Exhibition pairing steeped in country
The stylistic diversity evident in the work of the Yindjibarndi artists from around the Pilbara’s Millstream Tablelands is as striking as the range of colours deployed.
It’s been a few years since I was last at the Yinjaa-Barni (Yindjibarndi for “staying together”) Art Centre, which used to operate out of a shed behind the Pilbara Aboriginal Church in Roebourne before moving into the heritage-listed Dalgety House on the town’s main road, Roe Street.
It was then I first encountered Yindjibarndi elder and artist Clifton Mack, working in a separate studio from women artists such as Aileen Sandy, Maudie Jerrold and Marlene Harold.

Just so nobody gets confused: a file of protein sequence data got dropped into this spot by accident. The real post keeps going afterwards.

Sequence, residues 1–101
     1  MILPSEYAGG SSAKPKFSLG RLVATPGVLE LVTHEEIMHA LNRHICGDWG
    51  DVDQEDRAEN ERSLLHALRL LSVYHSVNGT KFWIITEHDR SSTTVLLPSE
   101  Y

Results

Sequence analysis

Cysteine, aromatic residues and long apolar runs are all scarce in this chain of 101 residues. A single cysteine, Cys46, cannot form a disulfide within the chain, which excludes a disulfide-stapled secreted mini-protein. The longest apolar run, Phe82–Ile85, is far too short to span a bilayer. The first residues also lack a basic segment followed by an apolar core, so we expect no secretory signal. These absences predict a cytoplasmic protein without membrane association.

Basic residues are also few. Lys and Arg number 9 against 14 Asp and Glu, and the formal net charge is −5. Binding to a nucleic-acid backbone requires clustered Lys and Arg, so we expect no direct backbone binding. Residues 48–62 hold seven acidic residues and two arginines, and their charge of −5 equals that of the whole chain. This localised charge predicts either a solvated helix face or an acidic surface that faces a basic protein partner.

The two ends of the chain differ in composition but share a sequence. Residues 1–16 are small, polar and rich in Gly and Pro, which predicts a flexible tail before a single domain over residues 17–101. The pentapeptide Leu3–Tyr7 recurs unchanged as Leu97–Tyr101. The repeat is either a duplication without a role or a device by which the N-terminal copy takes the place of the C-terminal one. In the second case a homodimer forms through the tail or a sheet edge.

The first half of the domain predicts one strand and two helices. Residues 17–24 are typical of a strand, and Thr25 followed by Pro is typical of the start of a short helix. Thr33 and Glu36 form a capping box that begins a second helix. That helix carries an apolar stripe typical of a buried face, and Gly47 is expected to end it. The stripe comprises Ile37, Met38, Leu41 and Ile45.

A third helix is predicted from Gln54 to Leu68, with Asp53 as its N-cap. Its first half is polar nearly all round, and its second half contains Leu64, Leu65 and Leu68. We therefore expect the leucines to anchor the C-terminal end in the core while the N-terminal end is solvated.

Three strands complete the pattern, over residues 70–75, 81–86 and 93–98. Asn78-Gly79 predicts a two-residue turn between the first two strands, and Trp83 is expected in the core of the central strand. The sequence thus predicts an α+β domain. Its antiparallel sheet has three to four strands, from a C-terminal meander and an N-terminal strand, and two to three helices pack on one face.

So it was with some delight I discovered Fremantle’s Japingka Gallery is hosting Pilbara Country, an exhibition of works by Yinjaa-Barni artists, concurrently with Rivers of the Desert, an exhibition featuring the paintings of Central Desert artist, Anna Petyarre.
Aileen Sandy started painting in 2007.
“My parents had moved into town from Mt Florence Station in their ancestral country in the Tablelands, but they still worked at the station seasonally and we would go back there for school holidays sometimes,” she says. Marlene Harold was born on Mt Florence Station in the Millstream Tablelands and started painting in 2006 at Yinjaa-Barni Art.
According to Japingka Gallery’s supporting literature, one of her chief subjects is the creation story according to Yindjibarndi law, called Ngurru Nyujunnggama — When the World Was Soft.
Clifton Mack doesn’t shy away from exploring contemporary techniques within a traditional context.
Both exhibitions continue until June 30.
To view the works online, visit japingkaaboriginalart.com.
Artist Aileen Sandy with her sister Ellery Sandy and Clifton Mack.